Adobe has delivered its first quarterly roundup of security patches, fixing critical vulnerabilities in Reader and Acrobat that could cause the applications to crash, and potentially allow an attacker to take control of the systems.
The Adobe Security Bulletin APSB09-07 warns that the flaws could lead to denial-of-service attacks and remote code execution. The advisory is the first of Adobe's quarterly security patch rollouts, after the firm announced it was moving to a regular schedule last month.
The patches apply to Windows and Macintosh systems, and Adobe said that updates for the Unix platform will be available on 16 June.
Adobe advised users of Reader and Acrobat to update their product installations to versions 9.1.2, 8.1.6 or 7.1.3, as well as applying the measures recommended in its bulletin.
In what will be a headache for IT managers, Microsoft has also issued its latest round of security patches today. The majority were rated 'critical', and the firm urged users to update their systems as soon as possible.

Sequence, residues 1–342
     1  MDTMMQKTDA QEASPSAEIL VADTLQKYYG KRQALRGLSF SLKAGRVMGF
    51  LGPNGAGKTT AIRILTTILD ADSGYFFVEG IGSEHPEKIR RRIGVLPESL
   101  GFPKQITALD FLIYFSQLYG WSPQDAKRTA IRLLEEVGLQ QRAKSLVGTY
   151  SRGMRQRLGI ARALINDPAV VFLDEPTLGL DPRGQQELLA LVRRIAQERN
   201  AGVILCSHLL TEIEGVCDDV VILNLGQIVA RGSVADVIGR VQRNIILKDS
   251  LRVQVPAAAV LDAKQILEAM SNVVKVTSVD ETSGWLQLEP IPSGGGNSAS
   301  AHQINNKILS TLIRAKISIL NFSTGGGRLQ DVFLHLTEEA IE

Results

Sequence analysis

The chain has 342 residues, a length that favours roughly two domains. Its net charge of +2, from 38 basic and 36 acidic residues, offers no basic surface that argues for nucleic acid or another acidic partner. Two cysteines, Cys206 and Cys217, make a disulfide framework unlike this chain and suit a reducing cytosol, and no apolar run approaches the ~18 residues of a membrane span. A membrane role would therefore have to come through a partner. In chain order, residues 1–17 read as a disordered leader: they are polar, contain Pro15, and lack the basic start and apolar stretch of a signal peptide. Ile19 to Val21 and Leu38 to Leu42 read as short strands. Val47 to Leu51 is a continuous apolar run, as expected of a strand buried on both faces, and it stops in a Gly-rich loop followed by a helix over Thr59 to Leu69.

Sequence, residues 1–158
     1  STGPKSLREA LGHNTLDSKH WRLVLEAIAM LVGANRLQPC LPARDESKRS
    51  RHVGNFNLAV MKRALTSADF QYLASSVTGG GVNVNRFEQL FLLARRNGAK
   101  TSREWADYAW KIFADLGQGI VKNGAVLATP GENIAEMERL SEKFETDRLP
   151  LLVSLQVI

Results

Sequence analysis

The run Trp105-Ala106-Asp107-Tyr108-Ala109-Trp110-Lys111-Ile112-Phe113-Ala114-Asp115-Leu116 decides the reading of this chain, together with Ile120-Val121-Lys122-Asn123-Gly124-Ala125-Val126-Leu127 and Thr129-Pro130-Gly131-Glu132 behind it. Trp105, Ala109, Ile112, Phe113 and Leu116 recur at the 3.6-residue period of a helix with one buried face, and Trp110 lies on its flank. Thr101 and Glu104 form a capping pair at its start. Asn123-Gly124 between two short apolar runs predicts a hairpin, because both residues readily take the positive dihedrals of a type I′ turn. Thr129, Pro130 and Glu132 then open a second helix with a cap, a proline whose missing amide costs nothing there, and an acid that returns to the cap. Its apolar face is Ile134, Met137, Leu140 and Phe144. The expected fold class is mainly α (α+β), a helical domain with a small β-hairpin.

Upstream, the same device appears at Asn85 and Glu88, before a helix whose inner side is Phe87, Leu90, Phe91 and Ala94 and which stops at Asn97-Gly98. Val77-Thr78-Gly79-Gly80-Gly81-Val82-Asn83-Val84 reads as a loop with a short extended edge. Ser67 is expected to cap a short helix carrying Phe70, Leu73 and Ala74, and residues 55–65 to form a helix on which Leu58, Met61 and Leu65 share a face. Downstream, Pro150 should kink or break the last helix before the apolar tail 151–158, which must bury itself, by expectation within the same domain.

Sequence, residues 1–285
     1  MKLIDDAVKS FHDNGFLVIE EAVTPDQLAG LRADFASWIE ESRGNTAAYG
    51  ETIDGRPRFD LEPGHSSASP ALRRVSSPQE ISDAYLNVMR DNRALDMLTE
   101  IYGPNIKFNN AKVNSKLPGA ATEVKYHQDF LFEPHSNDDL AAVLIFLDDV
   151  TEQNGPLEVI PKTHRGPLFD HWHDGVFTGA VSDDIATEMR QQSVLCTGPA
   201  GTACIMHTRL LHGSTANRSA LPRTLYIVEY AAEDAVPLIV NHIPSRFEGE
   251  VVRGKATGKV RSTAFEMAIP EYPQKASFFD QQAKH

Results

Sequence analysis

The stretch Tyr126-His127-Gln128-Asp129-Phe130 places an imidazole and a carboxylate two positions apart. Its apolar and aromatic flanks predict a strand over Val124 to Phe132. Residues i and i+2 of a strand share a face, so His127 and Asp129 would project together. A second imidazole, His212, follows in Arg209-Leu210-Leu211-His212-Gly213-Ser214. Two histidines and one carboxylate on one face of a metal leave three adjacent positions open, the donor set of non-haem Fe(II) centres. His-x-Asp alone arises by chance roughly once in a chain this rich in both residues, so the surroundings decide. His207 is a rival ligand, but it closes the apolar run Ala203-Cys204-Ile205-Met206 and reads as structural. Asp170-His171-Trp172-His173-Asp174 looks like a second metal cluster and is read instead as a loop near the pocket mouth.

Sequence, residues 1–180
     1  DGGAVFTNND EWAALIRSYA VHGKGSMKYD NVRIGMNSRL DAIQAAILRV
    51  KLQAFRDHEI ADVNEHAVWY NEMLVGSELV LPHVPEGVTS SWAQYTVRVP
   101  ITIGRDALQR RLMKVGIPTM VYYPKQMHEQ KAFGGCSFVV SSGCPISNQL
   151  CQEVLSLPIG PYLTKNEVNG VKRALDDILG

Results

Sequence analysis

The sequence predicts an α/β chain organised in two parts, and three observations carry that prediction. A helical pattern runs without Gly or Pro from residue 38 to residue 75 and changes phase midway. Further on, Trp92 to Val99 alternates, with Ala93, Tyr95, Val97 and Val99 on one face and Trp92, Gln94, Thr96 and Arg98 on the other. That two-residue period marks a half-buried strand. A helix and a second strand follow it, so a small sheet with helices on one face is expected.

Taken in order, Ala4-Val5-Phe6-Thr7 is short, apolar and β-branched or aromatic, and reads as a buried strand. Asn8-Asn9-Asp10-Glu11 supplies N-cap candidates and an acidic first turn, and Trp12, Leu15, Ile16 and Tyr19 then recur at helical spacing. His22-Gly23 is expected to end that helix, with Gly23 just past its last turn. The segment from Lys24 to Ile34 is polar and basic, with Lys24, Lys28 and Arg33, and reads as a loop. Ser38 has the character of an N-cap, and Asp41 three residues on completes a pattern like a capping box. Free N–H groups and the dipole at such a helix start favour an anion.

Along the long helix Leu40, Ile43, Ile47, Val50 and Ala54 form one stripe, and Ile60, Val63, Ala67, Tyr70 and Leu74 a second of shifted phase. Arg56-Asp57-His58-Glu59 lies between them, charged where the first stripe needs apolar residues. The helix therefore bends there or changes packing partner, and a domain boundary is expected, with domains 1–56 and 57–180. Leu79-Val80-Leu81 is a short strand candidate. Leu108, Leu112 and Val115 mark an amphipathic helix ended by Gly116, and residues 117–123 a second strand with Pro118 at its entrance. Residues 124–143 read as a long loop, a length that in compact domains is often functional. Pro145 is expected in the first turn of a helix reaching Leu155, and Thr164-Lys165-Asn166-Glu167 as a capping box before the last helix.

Managed security services firm Qualys said that the threat and update management landscape is getting increasingly complicated for IT administrators.
"June's Patch Tuesday from Microsoft is already generating a major workload for IT administrators. Microsoft released its biggest number of patches in recent memory, not only for Windows systems, but for its Mac Office suite," said Wolfgang Kandek, chief technology officer at Qualys.
"Adobe has patches for its Reader product for Windows and Mac and, given the current popularity of the PDF file format with attackers, IT administrators should include the Adobe updates into their critical patch schedule."
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